Stamford is situated in the South West Corner of Lincolnshire. It lies within the great Limestone belt which runs through the length of England. The Stamford stone type is inferior oolite Limestone form the Jurassic period.
Once making up the tropical sea bed the sediment often includes shell fragment from various sea life. The biggest problem with natural stone is its physical weight.
Delivery by ox cart or horse and cart often restricted loads to little over half a ton. When considering the fact that a small team of masons could lay half a ton of stone in 1 hour, logic dictates that the source of the stone had to be close to the construction project.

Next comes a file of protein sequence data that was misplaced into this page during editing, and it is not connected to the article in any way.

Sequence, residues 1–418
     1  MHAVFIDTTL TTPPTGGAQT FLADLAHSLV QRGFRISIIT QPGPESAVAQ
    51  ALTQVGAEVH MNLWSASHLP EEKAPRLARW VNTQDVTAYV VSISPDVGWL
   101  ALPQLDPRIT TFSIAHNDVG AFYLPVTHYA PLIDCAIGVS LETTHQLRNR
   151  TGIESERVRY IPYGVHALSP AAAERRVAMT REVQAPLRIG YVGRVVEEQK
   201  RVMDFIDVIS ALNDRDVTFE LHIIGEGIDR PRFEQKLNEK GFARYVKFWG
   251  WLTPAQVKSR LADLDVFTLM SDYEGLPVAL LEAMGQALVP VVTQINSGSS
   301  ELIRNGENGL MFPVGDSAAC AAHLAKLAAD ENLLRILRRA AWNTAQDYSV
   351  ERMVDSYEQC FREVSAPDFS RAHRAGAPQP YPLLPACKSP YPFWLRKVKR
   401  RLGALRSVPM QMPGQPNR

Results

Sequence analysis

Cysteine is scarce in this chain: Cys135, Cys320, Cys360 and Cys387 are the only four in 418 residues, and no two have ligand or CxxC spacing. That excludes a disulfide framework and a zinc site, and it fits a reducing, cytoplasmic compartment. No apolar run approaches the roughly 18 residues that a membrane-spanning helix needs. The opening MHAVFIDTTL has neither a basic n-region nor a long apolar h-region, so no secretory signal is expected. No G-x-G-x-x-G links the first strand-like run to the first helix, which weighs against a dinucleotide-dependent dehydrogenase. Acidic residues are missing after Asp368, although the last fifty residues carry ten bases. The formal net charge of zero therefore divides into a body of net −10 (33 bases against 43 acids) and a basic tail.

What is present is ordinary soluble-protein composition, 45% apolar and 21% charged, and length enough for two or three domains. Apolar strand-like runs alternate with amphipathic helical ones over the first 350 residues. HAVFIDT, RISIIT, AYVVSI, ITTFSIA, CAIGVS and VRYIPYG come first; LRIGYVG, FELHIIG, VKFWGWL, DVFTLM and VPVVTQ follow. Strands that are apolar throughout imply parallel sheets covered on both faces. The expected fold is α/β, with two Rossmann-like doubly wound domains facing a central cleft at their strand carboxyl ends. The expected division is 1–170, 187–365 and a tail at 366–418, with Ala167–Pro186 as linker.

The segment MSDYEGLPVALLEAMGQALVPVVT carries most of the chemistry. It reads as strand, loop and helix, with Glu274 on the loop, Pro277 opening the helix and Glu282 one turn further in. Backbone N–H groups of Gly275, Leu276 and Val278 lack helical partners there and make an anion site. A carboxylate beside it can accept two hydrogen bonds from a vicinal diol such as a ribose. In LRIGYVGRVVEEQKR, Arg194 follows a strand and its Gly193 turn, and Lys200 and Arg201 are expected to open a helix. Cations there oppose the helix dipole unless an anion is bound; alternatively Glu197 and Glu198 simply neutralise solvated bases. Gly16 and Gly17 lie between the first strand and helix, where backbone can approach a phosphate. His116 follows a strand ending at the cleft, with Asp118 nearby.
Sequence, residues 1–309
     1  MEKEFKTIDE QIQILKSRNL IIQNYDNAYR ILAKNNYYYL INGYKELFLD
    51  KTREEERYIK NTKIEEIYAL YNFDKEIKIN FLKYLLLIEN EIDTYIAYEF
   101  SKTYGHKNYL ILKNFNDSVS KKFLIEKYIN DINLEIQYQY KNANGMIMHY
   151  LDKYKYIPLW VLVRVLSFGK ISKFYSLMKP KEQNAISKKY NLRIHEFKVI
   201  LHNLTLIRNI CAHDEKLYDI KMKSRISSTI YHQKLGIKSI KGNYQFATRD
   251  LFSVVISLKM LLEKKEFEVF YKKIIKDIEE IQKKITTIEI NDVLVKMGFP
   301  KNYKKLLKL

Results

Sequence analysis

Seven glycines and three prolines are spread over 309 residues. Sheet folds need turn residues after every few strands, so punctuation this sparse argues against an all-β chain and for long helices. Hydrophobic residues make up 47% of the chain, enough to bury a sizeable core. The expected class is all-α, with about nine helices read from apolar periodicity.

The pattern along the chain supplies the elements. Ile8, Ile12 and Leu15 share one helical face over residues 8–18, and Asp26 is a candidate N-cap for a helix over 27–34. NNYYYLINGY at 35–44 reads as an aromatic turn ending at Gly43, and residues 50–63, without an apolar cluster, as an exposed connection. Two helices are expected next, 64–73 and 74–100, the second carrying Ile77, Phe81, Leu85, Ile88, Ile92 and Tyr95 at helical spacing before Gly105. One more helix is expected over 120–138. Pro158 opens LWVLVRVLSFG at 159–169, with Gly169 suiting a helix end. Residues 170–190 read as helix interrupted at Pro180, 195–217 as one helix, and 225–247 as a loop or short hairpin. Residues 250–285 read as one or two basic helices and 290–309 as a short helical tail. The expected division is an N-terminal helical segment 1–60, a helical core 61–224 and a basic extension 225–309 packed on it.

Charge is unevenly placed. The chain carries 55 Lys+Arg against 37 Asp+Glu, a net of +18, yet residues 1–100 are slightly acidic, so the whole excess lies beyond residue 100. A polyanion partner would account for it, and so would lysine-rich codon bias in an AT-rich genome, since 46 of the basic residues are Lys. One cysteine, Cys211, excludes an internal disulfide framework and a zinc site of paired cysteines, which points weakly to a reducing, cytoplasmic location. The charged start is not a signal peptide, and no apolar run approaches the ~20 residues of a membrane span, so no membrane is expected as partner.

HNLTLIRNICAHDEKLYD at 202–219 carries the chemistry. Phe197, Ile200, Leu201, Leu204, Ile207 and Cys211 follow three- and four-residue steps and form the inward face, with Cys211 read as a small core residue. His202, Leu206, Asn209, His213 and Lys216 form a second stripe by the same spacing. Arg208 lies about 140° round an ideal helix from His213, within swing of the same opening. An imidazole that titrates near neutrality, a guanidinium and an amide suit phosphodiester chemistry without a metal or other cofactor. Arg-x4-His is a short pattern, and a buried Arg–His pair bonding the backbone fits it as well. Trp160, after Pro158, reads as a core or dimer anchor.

The stone quarries that built early Stamford have long ceased to exist and include:
Great Catserton, Barnack, Kings Cliffe and Ketton, (now a cement works). Roofing stones predominantly came from Collyweston. The nearest active quarries that supply building stone to Stamford are Collyweston situated a few miles to the West of the town. Collyweston producers roofing slates and has recently re-opened after decades of closure.
A few miles to the north of Stamford is Hobby Lane Quarry, Stretton, supplying Clipsham Limestone. The quarry is run by Goldholme Stone Ltd.
A third quarry is situated to the southern fringe of Clipsham Village.
For further information contact Goldholme Stone Ltd.